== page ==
Woken up again by 5 a.m. demons, it was the iPhone on my bedside table I reached for and not to God in prayer.
For what do now-I-lay-me-down-to-sleeps mean to someone who can sift through twilight tweets and instagrammed images of star-filled skies?
An ever-present God has been replaced by an over-stimulating pocket-sized piece of technology. Prayers? Please. There’s an app for that.
Coming late to the iPhone game, mine is still a bright and shiny toy. My protected progeny. 8 GB of answers. An operating system crafted to fulfill my every need. To distract even when bad dreams come calling.
But where is God in all of this? Is there an iPray version 5 in overseas production to rival Apple’s latest brainchild?
There’s plenty of talk about how my generation has forgotten how to talk to one another. But are we also forgetting how to talk to God?
In a world of wifi hotspots, where is the time to think about questions of faith that used to matter?
I’ve spent hours this week with the words of Thomas Aquinas. But beyond grappling with grace and charity and yes, even free-will, I was left exasperated by the idea that any one man would spend so much time arguing with the voices in his head. Because the minute the type of thoughts that inspire such treatises enter my own mind, I use my God-given free-will (within the scope of God’s plan of course, Tom) to grab my iPhone and enter the oblivion of status updates and new emails.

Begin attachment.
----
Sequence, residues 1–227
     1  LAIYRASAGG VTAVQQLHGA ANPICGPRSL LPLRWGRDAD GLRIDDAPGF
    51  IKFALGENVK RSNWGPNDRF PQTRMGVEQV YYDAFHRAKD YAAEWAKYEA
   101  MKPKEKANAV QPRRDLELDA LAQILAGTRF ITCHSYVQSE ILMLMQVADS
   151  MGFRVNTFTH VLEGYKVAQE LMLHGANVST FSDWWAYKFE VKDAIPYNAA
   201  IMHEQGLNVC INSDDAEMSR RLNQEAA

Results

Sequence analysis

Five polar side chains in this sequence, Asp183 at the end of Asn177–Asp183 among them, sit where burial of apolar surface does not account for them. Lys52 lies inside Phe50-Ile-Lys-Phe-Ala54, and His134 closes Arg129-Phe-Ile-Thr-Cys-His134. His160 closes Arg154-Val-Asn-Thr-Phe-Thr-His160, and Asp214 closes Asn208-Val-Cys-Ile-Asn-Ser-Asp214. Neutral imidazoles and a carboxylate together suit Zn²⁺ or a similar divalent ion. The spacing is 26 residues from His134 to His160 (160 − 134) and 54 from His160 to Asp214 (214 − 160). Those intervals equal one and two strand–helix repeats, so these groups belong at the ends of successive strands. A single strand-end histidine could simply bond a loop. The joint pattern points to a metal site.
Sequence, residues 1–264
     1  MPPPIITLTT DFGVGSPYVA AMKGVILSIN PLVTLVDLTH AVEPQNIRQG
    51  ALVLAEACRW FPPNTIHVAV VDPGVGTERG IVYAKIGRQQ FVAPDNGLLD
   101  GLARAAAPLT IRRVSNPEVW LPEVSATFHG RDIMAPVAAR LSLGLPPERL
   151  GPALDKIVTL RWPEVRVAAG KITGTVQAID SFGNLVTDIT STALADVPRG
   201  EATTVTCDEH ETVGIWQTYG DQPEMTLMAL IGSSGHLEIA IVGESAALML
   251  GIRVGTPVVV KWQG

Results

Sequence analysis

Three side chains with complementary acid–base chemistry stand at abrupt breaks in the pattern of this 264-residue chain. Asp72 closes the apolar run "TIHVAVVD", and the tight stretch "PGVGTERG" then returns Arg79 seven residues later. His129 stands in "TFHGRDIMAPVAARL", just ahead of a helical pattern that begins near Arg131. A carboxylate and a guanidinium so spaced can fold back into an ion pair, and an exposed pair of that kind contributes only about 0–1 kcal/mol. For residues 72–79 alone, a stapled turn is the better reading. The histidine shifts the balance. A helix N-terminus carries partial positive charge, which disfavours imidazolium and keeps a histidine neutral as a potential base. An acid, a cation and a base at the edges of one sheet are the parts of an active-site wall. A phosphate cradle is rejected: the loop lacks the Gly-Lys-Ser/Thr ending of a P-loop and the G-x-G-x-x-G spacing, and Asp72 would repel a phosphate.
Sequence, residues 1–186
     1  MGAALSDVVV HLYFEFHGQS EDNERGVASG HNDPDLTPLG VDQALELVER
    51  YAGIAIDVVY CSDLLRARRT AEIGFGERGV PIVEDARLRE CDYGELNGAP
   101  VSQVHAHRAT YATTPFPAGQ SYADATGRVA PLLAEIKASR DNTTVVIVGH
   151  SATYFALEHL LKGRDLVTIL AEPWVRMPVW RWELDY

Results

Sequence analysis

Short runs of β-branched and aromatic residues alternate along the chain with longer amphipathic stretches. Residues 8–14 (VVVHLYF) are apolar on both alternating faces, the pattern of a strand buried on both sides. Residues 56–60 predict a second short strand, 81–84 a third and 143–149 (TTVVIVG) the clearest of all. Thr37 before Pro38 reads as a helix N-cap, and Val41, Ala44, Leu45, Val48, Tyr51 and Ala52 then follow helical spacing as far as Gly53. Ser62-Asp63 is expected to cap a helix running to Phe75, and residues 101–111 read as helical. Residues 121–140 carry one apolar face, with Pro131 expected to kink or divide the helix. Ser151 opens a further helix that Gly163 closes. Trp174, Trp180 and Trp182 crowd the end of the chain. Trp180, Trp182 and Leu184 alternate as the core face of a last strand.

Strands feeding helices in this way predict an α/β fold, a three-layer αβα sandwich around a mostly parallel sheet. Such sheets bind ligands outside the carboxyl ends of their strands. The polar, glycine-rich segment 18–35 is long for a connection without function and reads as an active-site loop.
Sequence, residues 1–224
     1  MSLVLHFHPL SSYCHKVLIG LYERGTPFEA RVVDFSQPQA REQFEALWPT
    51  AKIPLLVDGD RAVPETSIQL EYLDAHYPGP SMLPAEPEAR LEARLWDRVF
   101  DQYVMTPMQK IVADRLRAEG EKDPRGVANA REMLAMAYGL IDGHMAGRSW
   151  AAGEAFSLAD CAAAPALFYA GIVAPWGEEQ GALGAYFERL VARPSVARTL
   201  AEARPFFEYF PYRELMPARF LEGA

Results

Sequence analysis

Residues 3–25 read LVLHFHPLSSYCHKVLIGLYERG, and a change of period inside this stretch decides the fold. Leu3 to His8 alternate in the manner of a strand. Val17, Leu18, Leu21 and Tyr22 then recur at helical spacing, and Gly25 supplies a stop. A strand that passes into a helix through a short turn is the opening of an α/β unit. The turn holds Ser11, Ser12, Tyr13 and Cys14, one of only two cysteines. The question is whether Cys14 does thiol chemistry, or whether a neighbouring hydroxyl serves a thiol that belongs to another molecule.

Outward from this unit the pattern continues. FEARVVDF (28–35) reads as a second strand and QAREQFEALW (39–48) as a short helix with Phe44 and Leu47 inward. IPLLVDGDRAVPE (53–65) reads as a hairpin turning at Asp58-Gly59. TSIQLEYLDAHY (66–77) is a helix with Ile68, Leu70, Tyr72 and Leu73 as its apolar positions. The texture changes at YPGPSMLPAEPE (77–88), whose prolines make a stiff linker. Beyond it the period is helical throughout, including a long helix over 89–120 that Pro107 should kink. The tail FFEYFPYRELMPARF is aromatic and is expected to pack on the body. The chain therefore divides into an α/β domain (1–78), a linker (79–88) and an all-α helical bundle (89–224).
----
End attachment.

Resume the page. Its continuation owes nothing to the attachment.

I’m losing the ability to spend significant time suffering in the depth of my own thoughts.
But we’ve all heard the solution. Just unplug! Escape from the Internet for a little while. Take a low signal as a sign to relax. Dead battery? Lively discussion!
All perfectly valid arguments in the face of a culture that’s irreversibly removed from sabbaths spent in quiet meditation.
But none of that promises a return to my pre-cell phone self.
Incredible, isn’t it? Five ounces of digitized memory able to bring me to my knees at even the slightest sign of a scratch or crack. Able to take my mind off a world of real bruises and heartache.
But, the Good news? The gospel iPreach is that I catch myself in the act. I fight the urge to seek texts during sacraments. I leave it in the corner as I take time to regroup.
And the next time an iPhone fumble brings me to my knees? Well, I’ll say a little prayer while I’m down there.